Hi Larry,

>>> The Boys and Girls in Redmond demonstrated back in nineteen-ought-
>>> ninety-something that lack of a groundswell will prevent a second
>>> release or continuing support -- heard anything about VB-DOS lately?
>>> Did anyone ever hear about VB-DOS 2.0?

>> If that analogy is to make sense, you'd have to liken VB-DOS to
>> "VB7", not VB.NET.

> Gregor, your statement doesn't make sense to me. How could The Boys and Girls
> in Redmond release _another_ version of "VB7", since there has not and presumably
> will not be any release of VB7.

Well, my point was a hypothetical one. *If* they released a VB7, I'm sure it would fade away
eventually (though not right away), and there wouldn't be another version ("VB8"), because the
underlying COM layer (equating COM to DOS) will eventually give way to .NET. A "VB7" would, IMO, be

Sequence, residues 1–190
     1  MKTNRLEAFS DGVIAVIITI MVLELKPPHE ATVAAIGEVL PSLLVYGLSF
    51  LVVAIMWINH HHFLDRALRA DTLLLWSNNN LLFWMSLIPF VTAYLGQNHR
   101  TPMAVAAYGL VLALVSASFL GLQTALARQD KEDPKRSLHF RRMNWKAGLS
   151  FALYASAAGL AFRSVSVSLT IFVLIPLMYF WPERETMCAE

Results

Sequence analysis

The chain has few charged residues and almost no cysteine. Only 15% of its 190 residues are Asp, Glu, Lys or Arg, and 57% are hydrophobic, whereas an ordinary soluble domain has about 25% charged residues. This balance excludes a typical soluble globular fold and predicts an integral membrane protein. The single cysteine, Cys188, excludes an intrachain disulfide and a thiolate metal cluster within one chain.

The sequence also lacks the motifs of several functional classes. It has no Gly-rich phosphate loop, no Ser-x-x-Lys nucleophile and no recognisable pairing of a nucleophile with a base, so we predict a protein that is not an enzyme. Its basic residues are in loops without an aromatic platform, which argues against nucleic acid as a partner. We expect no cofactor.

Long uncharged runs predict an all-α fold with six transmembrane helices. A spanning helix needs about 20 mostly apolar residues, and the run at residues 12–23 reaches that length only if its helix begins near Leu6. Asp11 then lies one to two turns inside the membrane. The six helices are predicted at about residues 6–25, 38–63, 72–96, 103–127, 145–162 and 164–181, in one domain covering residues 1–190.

destined for a very short ride, just like VB-DOS was.

> The point I make is that if the acceptance of VB.NET, or anything else, doesn't
> meet Microsoft's expectations, the have shown that they can drop it like
> a hot rock.

In this general sense, your analogy holds. If everybody moved to C#, I'm sure they'd drop VB.NET as
well, eventually.

> VB7 can't possibly NOT meet Microsoft's expectations if they
> don't produce and release a VB7, so is not at issue.

As for "VB7", that's of course hypothetical (although, with a few more rollbacks, Beta 2 might just
qualify for this).

Anyway, the point was about the number of users of VB.NET. I agree the number will be considerably
lower than for classic VB. I just don't think that a 100 per cent compatible version would help very
much in the medium and long term future.

Now, compatibility with large code bases, and developers' being familiar with the tool, could be
advantages that help VB survive. As I see it, MS should aim for a better balance between portability
and better language design.